COVID-19 Testing: What you need to know
7/9/2020 by Denise Dupras, MD
Understanding what COVID-19 testing is and who needs to be tested is difficult. There are two types of tests to assist your provider in determining the care you need.
Swab test (diagnostic test) – Do you have it now?
The swab test is used to diagnose infection in patients who have symptoms suggestive of COVID-19 (fever, chills, body aches, trouble breathing, etc.). It is obtained using a swab to obtain a sample from the back of your nose and uses PCR (polymerase chain reaction) technology, which is a sensitive method to detect the virus.
If the test is positive, it means you have the virus and will need to self-quarantine for a period of time, usually 14 days. People with whom you have had close contact in the prior two weeks should also be tested.
Blood test (antibody test or serology test) – Did you have it?
The second test is the antibody test, which is obtained from a blood sample. The viral infection causes your body’s immune system to activate and produce antibodies to help fight the infection. If the antibody test is positive, it suggests you have had an infection with COVID-19. What isn’t known is how long the antibodies remain and if they are protective against re-infection with COVID-19.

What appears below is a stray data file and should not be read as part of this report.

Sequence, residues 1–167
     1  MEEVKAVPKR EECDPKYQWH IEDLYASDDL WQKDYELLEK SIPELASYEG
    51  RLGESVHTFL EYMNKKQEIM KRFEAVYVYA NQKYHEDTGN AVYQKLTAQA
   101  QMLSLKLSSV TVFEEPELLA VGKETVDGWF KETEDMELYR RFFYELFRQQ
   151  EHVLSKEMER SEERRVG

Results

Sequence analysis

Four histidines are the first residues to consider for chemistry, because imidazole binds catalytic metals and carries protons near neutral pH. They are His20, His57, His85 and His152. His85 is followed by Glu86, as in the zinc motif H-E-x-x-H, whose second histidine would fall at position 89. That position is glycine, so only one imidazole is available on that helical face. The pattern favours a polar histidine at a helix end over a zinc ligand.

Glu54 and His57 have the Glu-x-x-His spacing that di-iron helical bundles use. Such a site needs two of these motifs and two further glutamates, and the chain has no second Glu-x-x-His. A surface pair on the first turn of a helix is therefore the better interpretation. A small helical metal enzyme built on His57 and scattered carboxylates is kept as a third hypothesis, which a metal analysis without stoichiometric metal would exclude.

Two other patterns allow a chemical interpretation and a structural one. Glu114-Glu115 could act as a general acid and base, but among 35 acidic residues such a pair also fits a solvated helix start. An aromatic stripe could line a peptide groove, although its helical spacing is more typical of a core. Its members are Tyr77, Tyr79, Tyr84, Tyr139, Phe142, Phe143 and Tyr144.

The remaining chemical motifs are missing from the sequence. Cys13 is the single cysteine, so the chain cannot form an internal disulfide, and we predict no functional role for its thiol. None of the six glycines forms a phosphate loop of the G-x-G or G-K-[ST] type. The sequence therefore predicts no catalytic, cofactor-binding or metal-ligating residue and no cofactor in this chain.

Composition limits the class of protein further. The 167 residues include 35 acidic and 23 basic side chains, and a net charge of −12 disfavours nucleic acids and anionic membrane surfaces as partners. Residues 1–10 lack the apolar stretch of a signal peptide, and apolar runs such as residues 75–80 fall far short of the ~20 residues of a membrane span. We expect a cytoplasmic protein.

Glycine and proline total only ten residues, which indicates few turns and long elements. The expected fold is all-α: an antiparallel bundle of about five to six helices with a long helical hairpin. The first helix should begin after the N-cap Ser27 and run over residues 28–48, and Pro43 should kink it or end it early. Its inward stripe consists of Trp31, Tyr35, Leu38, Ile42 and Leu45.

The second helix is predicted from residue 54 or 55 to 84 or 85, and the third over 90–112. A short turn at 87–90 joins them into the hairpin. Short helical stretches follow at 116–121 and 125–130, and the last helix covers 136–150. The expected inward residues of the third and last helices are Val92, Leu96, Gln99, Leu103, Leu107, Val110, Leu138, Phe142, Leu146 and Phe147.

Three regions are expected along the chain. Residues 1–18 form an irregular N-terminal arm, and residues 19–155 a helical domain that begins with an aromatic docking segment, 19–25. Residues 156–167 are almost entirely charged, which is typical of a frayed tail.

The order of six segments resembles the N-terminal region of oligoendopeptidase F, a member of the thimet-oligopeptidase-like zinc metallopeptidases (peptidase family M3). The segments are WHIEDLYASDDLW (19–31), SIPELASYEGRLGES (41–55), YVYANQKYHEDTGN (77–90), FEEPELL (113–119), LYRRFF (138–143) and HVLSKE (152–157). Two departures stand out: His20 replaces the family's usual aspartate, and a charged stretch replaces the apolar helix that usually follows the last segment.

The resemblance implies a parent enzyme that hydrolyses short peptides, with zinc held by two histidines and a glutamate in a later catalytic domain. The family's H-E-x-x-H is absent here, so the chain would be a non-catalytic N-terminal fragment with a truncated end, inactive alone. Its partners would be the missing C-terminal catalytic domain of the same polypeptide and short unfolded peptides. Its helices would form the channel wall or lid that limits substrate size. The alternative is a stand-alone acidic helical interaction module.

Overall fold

There are currently studies using the serum (a component of blood) from patients who have recovered (convalescent serum) to treat patients with severe COVID-19 infection. The antibodies in the recovered patients’ serum can help ill patients recover more quickly. If your antibody (serology) test shows that you have COVID-19 antibodies, you may be eligible to donate serum for these studies.
Like most tests, neither the diagnostic swab nor antibody test is perfect, which means it can be wrong sometimes, necessitating repeat testing in some situations.
Preventive measures to protect yourself and others
- Wear a mask whenever you leave your home
- Wash your hands often
- Stay home when you're sick
- Maintain a social distance
- Call your provider if you have symptoms and need testing
- Follow state, local, and employer guidelines
Mayo Clinic has adopted a number of procedures to prevent the spread of COVID-19, including requiring both staff and patients to wear masks, screening for all patients that come to outpatient appointments, and testing for COVID-19 using both the diagnostic and antibody tests before procedures and surgeries.
If you have COVID-19 symptoms or you've been in contact with someone diagnosed with COVID-19, contact your care team for guidance.
Dr. Denise Dupras is a general internist in Primary Care in Rochester's Division of Community Internal Medicine (CIM). She completed her MD-PhD at Mayo Medical School and her residency in Internal Medicine at Mayo Clinic in Rochester. Her interests include medical education and evidence-based medicine.